## 3.3 Continuous Random Variables

Our attention now turns to continuous random variables. These are in general more technical and less intuitive than discrete ones. You should not worry about all the technical details, since these are in general not important, and focus on the interpretation.

A continuous random variable \(X\) is a random variable whose sample space \(\mathbb{X}\) is an interval or a collection of intervals. In general \(\mathbb{X}\) may coincide with the set of real numbers \(\mathbb{R}\) or some subset of it. Examples of continuous random variables:

the pressure of a tire of a car: it can be any positive real number;

the current temperature in the city of Madrid: it can be any real number;

the height of the students of Simulation and Modeling to understand change: it can be any real number.

Whilst for discrete random variables we considered summations over the elements of \(\mathbb{X}\), i.e. \(\sum_{x\in\mathbb{X}}\), for continuous random variables we need to consider integrals over appropriate intervals.

You should be more or less familiar with these from previous studies of calculus. But let’s give an example. Consider the function \(f(x)=x^2\) computing the squared of a number \(x\). Suppose we are interested in this function between the values -1 and 1, which is plotted by the red line in Figure 3.6. Consider the so-called integral \(\int_{-1}^{1}x^2dx\): this coincides with the area delimited by the function and the x-axis. In Figure 3.6 the blue area is therefore equal to \(\int_{-1}^{1}x^2dx\).

We will not be interested in computing integrals ourselves, so if you do not know/remember how to do it, there is no problem!

### 3.3.1 Probability Density Function

Discrete random variable are easy to work with in the sense that there exists a function, that we called probability mass function, such that \(p(x)=P(X=x)\), that is the value of that function in the point \(x\) is exactly the probability that \(X=x\).

Therefore we may wonder if this is true for a continuous random variable too. Sadly, the answer is no and probabilities for continuous random variables are defined in a slightly more involved way.

Let \(X\) be a continuous random variable with sample space \(\mathbb{X}\). The probability that \(X\) takes values in the interval \([a,b]\) is given by
\[
P(a\leq X \leq b) = \int_{a}^bf(x)dx
\]
where \(f(x)\) is called the *probability density function* (pdf in short). Pdfs, just like pmfs must obey two conditions:

\(f(x)\geq 0\) for all \(x\in\mathbb{X}\);

\(\int_{x\in\mathbb{X}}f(x)dx=1\).

So in the discrete case the pmf is defined exactly as the probability. In the continuous case the pdf is the function such that its integral is the probability that random variable takes values in a specific interval.

As a consequence of this definition notice that for any specific value \(x_0\in\mathbb{X}\), \(P(X=x_0)=0\) since \[ \int_{x_0}^{x_0}f(x)dx = 0. \]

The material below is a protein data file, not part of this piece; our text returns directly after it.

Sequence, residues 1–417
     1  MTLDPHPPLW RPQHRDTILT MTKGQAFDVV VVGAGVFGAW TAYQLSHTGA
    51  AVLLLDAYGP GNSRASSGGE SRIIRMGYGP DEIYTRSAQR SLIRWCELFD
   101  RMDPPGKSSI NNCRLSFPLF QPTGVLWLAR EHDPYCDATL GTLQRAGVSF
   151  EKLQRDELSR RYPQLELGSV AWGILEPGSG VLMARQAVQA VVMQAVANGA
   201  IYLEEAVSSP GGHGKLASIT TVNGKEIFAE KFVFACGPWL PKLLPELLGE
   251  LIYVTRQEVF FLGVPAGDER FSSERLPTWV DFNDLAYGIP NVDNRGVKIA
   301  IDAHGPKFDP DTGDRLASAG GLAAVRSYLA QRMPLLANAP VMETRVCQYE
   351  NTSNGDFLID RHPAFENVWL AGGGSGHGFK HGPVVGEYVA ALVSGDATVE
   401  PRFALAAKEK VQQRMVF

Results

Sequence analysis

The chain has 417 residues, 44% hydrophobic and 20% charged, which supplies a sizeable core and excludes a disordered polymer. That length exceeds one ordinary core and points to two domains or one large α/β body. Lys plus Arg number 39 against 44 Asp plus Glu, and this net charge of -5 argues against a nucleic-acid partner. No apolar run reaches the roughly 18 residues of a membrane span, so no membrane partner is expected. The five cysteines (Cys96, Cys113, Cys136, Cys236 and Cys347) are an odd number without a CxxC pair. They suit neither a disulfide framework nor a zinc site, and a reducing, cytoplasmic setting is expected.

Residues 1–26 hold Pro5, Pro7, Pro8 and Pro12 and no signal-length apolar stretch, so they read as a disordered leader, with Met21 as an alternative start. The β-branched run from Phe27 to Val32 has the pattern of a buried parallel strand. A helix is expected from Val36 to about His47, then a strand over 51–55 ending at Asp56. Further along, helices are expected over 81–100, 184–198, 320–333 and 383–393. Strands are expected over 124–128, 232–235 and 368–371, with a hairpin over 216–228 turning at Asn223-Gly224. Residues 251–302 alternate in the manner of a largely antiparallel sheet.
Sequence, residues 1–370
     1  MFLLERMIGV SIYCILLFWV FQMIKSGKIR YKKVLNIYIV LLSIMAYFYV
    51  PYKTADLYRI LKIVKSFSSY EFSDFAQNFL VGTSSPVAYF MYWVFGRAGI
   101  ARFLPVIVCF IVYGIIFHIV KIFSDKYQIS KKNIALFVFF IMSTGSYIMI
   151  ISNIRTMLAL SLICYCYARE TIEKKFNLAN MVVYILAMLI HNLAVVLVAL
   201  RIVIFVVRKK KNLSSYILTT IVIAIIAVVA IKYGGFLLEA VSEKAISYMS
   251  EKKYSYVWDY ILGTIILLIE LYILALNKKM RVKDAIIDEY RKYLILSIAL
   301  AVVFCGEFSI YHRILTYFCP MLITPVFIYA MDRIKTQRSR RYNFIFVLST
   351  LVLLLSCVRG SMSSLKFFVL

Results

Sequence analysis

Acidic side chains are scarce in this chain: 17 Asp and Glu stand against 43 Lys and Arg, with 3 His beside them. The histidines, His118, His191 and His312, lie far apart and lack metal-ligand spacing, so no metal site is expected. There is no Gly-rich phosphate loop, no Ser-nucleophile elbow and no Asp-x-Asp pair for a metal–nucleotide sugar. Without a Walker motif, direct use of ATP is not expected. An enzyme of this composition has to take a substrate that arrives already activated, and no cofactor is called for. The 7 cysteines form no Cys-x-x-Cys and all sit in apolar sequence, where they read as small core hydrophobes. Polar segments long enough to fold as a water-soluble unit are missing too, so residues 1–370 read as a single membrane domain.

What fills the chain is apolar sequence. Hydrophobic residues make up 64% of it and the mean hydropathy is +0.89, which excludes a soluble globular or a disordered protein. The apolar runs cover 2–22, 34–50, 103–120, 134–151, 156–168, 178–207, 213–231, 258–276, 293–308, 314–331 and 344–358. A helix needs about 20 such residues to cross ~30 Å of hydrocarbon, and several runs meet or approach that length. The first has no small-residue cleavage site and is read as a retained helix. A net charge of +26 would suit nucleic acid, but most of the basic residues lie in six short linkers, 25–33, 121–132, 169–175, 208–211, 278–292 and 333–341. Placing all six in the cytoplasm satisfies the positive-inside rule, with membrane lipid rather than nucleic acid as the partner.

Let’s consider an example. The waiting time of customers of a donuts shop is believed to be random and to follow a random variable whose pdf is \[ f(x) = \left\{ \begin{array}{ll} \frac{1}{4}e^{-x/4}, & x\geq 0\\ 0, & \mbox{otherwise} \end{array} \right. \]

The pdf is drawn in Figure 3.7 by the red line. One can see that \(f(x)\geq 0\) for all \(x\geq 0\) and one could also compute that it integrates to one.

Therefore the probability that the waiting time is between any two values \((a,b)\) can be computed as \[ \int_a^b\frac{1}{4}e^{-x/4}dx. \] In particular if we were interested in the probability that the waiting time is between two and five minutes, corresponding to the shaded area in Figure 3.7, we could compute it as \[ P(2<X<5)=\int_2^5f(x)dx=\int_{2}^5\frac{1}{4}e^{-x/4}dx= 0.32 \]

Notice that since \(P(X=x_0)=0\) for any \(x_0\in\mathbb{X}\), we also have that \[ P(a\leq X \leq b)=P(a < X \leq b) = P(a\leq X < b) = P(a<X<b). \]

### 3.3.2 Cumulative Distribution Function

For a continuous random variable \(X\) the cumulative distribution function (cdf) is equally defined as \[ F(x) = P(X \leq x), \] where now \[ P(X \leq x) = P(X < x) = \int_{-\infty}^xf(t)dt. \] so the summation is substituted by an integral.

Let’s consider again the donut shop example as an illustration. The cdf is defined as \[ F(x)=\int_{-\infty}^xf(t)dt = \int_{-\infty}^x\frac{1}{4}e^{-x/4}. \] This integral can be solved and \(F(x)\) can be calculated as \[ F(x)= 1- e^{-x/4}, \] which is plotted in Figure 3.8.

We can notice that the cdf has similar properties as in the discrete case: it is non-decreasing, on the left-hand side is zero and on the right-hand side tends to zero.

In the continuous case, one can prove that cdfs and pdfs are related as \[ f(x)=\frac{d}{dx}F(x). \]

### 3.3.3 Summaries

Just as for discrete random variables, we may want to summarize some features of a continuous random variable into a unique number. The same set of summaries exists for continuous random variables, which are almost exactly defined as in the discrete case (integrals are used instead of summations).

*mean*: the mean of a continuous random variable \(X\) is defined as \[ E(X) = \int_{-\infty}^{+\infty}xf(x)dx \]*median*: the median of a continuous random variable \(X\) is defined as the value \(x\) such that \(P(X\leq x) = 0.5\) or equally \(F(x)=0.5\).*mode*: the mode of a continuous random variable \(X\) is defined the value \(x\) such that \(f(x)\) is largest.*variance*: the variance of a continuous random variable \(X\) is defined as \[ V(X)=\int_{-\infty}^{+\infty}(x-E(X))^2f(x)dx \]*standard deviation*: the standard deviation of a continuous random variable \(X\) is defined as \(\sqrt{V(X)}\).